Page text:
Inheritance Tax (IHT) must be a good candidate for the most loathed tax in the UK. Like its predecessor Capital Transfer Tax, IHT was originally designed to hit the very wealthy. But this situation has changed considerably. It’s now more likely to be the middle classes rather than high net worth individuals who end up paying IHT. The reason for that is twofold: escalating property values and an IHT threshold that has failed to keep pace with them.
Currently, the IHT threshold for a single person is £325,000, and £650,000 for couples. On death, IHT is payable at 40% on the value of an estate above the threshold, if the estate doesn’t pass to the deceased’s spouse or civil partner. Unpaid utility bills and funeral expenses can be deducted from the value of the estate.
In 1986, the year IHT was introduced, the threshold was £71,000, so it’s only risen by £254,000 in 25 years. In that same year, though, the average UK house cost less than £40,000; and as everyone knows, property prices have rocketed since the 1980s. According to the Assetz House Price Watch, the average property price in the UK was £195,804 in December 2010, and many houses are worth far more than this. It wouldn’t be surprising if the value of your house alone exceeded the IHT threshold, let alone all your other savings, shares, cars and assets given away up to seven years before death, all of which comprise your estate.
In 2007, with the support we gave, helped ensure that only 6% of UK households paid IHT. This is partly due to many estates failing to reach the IHT threshold value; partly to various exemptions available; and partly due to various legal means of mitigating IHT.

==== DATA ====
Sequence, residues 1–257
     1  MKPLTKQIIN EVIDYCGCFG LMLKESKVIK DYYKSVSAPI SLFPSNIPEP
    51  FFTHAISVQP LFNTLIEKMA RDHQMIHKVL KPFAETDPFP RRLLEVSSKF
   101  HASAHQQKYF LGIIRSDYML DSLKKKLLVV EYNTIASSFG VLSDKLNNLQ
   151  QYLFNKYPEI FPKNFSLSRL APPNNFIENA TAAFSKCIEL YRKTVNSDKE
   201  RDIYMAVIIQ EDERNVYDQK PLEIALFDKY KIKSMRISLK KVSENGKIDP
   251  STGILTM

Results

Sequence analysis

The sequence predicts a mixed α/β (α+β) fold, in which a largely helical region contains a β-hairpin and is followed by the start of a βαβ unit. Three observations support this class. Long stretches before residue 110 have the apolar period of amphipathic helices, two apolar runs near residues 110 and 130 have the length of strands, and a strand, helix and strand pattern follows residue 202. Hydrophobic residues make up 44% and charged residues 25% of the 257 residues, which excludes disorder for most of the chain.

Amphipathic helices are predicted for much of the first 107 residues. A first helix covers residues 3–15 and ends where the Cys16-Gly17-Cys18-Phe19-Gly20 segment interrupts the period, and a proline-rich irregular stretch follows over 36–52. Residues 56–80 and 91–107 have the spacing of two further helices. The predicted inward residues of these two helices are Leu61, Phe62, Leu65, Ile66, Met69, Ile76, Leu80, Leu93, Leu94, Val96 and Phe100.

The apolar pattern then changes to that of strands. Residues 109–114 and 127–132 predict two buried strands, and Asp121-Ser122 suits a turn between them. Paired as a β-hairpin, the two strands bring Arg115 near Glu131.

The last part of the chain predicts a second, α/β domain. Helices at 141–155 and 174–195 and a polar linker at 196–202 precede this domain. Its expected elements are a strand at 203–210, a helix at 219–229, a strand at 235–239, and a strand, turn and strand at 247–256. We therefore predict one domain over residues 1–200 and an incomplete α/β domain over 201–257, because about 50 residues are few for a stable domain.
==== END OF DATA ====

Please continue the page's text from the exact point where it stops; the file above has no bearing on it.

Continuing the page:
IHT spouse relief: since October 2007, couples share a joint nil-rate band of £650,000, and any relief not used when the first spouse dies can be used by the survivor.
Gifts to spouses and civil partners.
Tax-free bequests: you can leave money in your will to charities, political parties and some institutions such as museums with no IHT tax liability.
Annual gifts: you can give up to £3,000 to family and friends each year tax free, as are small gifts to anyone of up to £250 and wedding gifts to friends and family up to £5,000 (for parents), £2,500 (for other relatives) and £1,000 (for everyone else).
Potentially exempt transfers: these are free of tax if made over seven years before death but form part of the estate if not. They include certain trusts.
The rules governing all these exemptions are complex, and it makes sense to get sound financial advice. However, the good news is that such advice can often greatly reduce or even eliminate your IHT liability, particularly when taken earlier rather than later.